Helen Clark became the Administrator of the United Nations Development Programme on 17 April 2009, and is the first woman to lead the organization. She is also the Chair of the United Nations Development Group, a committee consisting of the heads of all UN funds, programmes and departments working on development issues.
Helen Clark: Yasuni-ITT Side Event with the Government of Ecuador
Remarks by Helen Clark, UNDP Administrator
Yasuni-ITT Side Event
With the Government of Ecuador
Rio de Janeiro, Wednesday 20 June at 1-2.30 pm
I am pleased to be part of this discussion on the Yasuni-ITT Initiative - an important example of how sustainable development efforts can move us towards the “Future We Want”.
UNDP - as the manager of the Yasuni-ITT Trust Fund - is proud to be associated with the Initiative. As President Correa has so eloquently described, Ecuador has – through this initiative - presented an innovative model of how to fight climate change, while at the same time protecting one of the world’s richest areas in biodiversity and the rights and livelihoods of the indigenous people who depend on it.
Ecuador should be congratulated for its committed efforts to carry this Initiative forward, not least since foregoing the most financially lucrative option – in this case to extract oil – can be a big sacrifice for a developing country. Instead of prioritizing financial gains, however, the Government of Ecuador has decided to keep the rainforest standing, alive, and working for us all.
The importance which Ecuador attaches to its natural heritage is also exemplified by the fact that it is the first country which grants rights to nature in its Constitution.
The public support which the Yasuni Initiative has received in Ecuador is also impressive – according to recent opinion surveys, a very high 87.7 per cent of the population was in favor of it.
Notable also is the role of civil society, in both awareness raising and financing. I understand that Ecuadorian citizens have raised nearly three million USD in voluntary contributions, and that about ten per cent of the total resources received by the Yasuni-ITT initiative trust fund have come from individuals.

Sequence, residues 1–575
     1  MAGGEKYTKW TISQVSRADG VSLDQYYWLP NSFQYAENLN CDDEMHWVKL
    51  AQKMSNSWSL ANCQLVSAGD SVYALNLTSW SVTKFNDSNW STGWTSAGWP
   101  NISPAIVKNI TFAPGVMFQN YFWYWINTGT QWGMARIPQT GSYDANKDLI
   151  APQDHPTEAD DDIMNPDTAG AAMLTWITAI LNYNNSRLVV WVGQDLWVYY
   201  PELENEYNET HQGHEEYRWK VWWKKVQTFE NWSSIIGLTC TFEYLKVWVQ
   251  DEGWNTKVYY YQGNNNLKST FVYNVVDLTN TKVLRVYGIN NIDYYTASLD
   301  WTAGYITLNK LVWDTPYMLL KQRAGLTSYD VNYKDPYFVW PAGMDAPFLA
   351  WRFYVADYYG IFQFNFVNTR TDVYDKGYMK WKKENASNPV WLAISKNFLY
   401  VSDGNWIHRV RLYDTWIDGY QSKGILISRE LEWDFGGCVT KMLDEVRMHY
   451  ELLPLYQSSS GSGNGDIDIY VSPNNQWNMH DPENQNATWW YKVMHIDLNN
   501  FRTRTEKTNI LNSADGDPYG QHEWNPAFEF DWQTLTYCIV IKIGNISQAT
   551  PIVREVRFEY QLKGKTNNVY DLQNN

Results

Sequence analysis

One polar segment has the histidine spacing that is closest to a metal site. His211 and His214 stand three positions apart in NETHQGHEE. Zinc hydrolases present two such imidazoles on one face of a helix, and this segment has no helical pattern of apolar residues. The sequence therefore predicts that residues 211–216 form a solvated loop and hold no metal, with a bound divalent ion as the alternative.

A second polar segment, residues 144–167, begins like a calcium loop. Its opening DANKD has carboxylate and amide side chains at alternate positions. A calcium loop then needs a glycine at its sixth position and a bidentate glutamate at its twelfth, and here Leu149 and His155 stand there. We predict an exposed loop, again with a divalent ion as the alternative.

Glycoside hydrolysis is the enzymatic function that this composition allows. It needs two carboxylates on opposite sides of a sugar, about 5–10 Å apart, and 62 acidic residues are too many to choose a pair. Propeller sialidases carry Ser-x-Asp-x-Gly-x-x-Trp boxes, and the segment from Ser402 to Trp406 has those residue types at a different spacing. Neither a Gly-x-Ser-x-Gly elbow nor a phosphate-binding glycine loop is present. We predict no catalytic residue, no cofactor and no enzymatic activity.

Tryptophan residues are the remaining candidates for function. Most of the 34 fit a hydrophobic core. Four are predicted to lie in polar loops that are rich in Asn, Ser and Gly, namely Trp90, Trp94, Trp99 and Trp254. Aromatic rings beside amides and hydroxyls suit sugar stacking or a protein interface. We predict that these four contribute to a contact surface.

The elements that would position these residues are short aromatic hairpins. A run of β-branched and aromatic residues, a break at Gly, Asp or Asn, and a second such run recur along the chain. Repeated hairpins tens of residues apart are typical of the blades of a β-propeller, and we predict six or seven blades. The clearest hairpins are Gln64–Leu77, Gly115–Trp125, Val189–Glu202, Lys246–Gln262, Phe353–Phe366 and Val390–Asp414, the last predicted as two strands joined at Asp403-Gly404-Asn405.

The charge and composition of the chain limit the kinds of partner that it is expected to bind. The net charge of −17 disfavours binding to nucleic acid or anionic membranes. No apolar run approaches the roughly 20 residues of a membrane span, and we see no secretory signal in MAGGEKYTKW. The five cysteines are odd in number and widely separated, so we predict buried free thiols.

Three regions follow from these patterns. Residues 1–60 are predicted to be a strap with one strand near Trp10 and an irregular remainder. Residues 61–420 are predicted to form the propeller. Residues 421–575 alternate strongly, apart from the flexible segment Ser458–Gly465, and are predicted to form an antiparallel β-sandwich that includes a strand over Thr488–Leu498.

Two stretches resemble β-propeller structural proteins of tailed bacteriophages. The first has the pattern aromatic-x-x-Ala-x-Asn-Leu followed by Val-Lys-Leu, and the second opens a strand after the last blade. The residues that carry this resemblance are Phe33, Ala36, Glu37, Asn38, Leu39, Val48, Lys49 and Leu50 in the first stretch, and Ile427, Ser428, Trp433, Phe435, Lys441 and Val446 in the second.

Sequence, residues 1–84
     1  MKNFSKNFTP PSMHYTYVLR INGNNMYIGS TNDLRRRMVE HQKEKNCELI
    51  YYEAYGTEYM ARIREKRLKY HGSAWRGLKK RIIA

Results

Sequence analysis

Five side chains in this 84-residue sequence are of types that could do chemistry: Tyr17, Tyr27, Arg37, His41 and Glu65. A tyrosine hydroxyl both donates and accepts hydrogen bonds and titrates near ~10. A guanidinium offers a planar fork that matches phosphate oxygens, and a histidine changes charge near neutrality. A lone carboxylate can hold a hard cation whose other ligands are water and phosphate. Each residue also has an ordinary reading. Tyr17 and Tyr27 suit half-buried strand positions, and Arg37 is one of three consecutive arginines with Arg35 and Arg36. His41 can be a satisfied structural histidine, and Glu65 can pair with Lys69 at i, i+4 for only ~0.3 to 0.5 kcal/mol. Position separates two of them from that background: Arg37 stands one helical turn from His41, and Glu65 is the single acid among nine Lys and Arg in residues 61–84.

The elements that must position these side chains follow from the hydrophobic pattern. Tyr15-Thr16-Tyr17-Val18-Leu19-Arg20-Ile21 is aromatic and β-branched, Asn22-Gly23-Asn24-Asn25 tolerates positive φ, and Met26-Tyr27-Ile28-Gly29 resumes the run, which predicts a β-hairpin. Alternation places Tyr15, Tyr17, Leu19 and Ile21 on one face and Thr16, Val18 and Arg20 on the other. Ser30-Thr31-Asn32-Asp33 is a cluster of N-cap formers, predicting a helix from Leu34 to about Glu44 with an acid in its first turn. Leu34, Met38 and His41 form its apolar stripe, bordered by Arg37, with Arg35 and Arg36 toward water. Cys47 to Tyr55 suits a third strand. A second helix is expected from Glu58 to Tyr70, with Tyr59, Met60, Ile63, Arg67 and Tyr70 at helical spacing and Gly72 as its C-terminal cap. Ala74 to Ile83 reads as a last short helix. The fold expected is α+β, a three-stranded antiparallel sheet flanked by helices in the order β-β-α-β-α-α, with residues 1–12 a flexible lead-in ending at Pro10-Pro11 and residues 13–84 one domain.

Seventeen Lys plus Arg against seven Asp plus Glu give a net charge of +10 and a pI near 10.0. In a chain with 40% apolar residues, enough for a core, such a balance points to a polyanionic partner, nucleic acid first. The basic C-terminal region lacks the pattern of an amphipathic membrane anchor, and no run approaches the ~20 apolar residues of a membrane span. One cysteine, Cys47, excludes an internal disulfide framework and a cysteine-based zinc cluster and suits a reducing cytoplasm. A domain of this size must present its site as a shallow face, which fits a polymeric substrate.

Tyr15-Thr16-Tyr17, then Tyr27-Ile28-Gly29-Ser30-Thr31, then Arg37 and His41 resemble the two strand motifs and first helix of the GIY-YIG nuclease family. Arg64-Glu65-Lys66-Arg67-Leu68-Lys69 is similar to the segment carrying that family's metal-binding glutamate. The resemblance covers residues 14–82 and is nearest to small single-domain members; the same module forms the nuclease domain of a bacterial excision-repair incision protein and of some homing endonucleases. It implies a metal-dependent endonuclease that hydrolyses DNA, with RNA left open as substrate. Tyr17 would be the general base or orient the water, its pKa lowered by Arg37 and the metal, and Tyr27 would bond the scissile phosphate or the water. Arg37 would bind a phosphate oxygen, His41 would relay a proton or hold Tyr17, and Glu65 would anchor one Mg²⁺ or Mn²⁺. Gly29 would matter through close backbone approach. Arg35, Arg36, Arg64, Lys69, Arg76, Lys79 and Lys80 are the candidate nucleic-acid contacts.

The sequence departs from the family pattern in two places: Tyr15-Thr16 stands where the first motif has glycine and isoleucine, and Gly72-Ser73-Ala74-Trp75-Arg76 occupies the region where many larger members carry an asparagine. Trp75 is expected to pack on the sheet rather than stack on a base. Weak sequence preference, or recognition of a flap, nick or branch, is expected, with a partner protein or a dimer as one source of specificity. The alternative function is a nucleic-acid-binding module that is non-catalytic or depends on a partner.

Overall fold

The Yasuni reserve is not only a unique biodiversity hotspot; it is also home to more than 15,000 people whose livelihoods and culture are associated with it. Resources from the Yasuni fund will benefit peoples living there.
Overall, the investments to be financed by the Trust Fund will be guided by sustainable development priorities, including on energy efficiency, renewable energy, conservation, social development, and income generation.
The Yasuni initiative is a good example of what we at UNDP describe as a “triple win” approach to sustainable development, where initiatives deliver economic, social, and environmental benefits simultaneously. We believe these kind of approaches hold great potential for advancing sustainable development, and we hope that outcome of Rio+20 will encourage more countries to adopt them.
The Initiative also presents a new approach to dealing with common but differentiated responsibilities when facing global challenges. The resources mobilized for Yasuni are considered contributions from countries or individuals. There are no donors but rather sharing contributors, with Ecuador being the largest contributor. This kind of shared responsibility provides a new conceptual framework for international co-operation which could be followed and built upon around the world.
The Yasuní ITT Trust Fund, established by the Government of Ecuador and UNDP on 3 August 2010, receives and manages contributions in support of the Initiative. It is the first national, multi-partner trust fund established by UNDP. By working on its design with the Government of Ecuador, we have gained knowledge and an understanding of how to prepare and operationalize this kind of mechanism.
UNDP is currently in the process of developing its own Biodiversity Strategy. It promotes the protection and sustainable use of natural heritage, as well as the social and economic values of biodiversity and its importance for people’s wellbeing. The Yasuni-ITT initiative, and Ecuador’s position in general towards its natural heritage, are cited as good examples from which to learn.
Since the global community has a shared stake in the natural heritage and global public services provided by unique environments like that of Yasuni, then it also has a shared responsibility to help to preserve such places – not least when it is located in a developing country as Ecuador is.
The importance of international backing for the success of the Yasuni-ITT Initiative can, therefore, not be overemphasized– and we sincerely hope that more support will be forthcoming.